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Developers say: "Give us more documentation!"

 

Remember when you were young, and your parents demanded that you leave a note if you left the house? Well, now today’s developers and your parents have more in common than ever.

What do developers want more than anything? According to the Developer Insights Report released by Application Developers Alliance, it’s documentation. The report, conducted in conjunction with IDC, points out that one of the top reason development projects fail is because of changing or poorly documented requirements.

It’s not only a reason projects fail – documentation seems to, overall, just be a pain in the neck of many developers. Working in a large company often requires working on or with other developers’ code, a task that is frustrating in itself even if said code is well documented and explained. It’s cited as one of the top ten developer frustrations and some developers even say that they spend more time maintaining poorly documented code rather than actually writing new code.

And it’s not just documentation from higher ups or other developers that frustrate programmers – sometimes API management vendors don’t document things well either. In a review of Forrester’s 2014 report on the top API management platforms, customers said that they were disappointed with the documentation provided by even some of the most veteran vendors.

People are listening to these demands, thankfully. WSO2, another API management platform reviewed by Forrester, says that one of the things his company prides themselves on is solving the “poor documentation barrier.”

“You can go to our API store, which is very similar to a Google Play store or an Apple iTunes App Store, and you can view information about the API…read the documentation,” says Haddad. “We have a lot of ideas on the roadmap and that we are incorporating into the API management platform, such as better notification features so that you can let the community know that a new version is available or that new documentation has been released.”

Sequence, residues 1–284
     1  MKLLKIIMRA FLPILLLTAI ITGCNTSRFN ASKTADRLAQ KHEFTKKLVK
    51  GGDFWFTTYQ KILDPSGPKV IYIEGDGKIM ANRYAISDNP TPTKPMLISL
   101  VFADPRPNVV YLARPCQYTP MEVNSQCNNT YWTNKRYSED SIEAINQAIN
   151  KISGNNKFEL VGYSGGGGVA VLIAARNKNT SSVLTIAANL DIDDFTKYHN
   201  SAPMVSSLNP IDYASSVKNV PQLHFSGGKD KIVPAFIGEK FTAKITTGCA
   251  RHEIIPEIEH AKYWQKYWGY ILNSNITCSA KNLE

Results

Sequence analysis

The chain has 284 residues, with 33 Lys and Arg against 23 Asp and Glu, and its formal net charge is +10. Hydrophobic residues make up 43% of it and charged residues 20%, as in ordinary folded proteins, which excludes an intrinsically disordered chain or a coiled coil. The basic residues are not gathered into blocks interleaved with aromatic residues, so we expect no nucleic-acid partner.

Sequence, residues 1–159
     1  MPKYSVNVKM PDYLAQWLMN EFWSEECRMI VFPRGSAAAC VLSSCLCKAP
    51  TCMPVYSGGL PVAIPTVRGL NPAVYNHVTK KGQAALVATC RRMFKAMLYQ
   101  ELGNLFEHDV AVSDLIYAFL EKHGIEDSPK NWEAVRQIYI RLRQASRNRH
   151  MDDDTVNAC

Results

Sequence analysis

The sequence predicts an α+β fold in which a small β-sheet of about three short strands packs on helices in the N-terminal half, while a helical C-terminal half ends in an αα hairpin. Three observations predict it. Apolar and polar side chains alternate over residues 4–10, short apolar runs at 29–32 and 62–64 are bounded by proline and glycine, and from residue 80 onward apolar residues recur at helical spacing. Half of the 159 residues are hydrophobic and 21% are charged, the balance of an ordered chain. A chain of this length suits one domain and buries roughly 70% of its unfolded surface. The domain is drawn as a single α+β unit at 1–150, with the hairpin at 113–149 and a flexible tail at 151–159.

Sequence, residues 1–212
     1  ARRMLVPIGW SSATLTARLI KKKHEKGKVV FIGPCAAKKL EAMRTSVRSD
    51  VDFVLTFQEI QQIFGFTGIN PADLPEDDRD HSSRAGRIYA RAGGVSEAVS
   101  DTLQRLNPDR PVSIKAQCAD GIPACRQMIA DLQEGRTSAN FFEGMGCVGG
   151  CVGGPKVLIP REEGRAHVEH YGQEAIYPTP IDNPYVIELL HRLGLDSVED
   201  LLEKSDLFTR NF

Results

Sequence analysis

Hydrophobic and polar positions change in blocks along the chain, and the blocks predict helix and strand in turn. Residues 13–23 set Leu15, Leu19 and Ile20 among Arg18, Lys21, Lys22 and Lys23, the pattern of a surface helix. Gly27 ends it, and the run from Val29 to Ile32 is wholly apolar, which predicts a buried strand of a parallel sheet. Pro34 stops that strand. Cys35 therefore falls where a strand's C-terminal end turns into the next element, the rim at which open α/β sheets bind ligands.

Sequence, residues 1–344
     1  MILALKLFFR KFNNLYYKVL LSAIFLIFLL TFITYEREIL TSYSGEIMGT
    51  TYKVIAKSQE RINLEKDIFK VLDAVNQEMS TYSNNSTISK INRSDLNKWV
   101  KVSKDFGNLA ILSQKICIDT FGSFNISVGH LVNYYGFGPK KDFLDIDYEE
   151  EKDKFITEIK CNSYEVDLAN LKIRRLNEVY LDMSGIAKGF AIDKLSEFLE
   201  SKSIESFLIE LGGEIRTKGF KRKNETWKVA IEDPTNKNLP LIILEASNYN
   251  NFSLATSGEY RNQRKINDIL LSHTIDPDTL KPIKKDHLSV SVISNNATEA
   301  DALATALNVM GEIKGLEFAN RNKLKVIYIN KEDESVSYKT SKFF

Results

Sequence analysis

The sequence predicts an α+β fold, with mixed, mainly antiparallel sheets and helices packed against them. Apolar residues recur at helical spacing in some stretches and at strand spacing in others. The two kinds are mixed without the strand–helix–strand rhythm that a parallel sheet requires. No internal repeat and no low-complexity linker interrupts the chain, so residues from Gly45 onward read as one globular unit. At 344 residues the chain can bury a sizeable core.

Vendors such as Alpha Software are stepping up the documentation game as well. At the 2015 Alpha DevCon conference, co-founder Selwyn Rabins announced – to the sound of thunderous applause, no less – that they are actively looking to solve the “documentation scatter” problem.

“The documentation is pretty good,” says Rabins. “It’s just not always clear where to find it.”

To solve this, Selwyn and his team are working on enabling easy (read: fast) searching of existing documentation topics and adding features to make it simpler to edit and contribute documentation in order to ensure that information is up to date.

“Alpha is very large,” says Rabins. “Finding documentation is going to be a big boost to productivity.”

In terms of documentation within organizations themselves – well, that is on clients and developers to just hear the calls of their associates. Hopefully the rise of open source development can help, but in the meantime, it seems, one of the best things that developers and clients can do for their peers is, as your parents would say, “leave a note!”

Do you experience documentation issues within your organization? Let us know what they are – and what you plan to do about it.

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What are your most important, must-have API documentation attributes that are hard to find?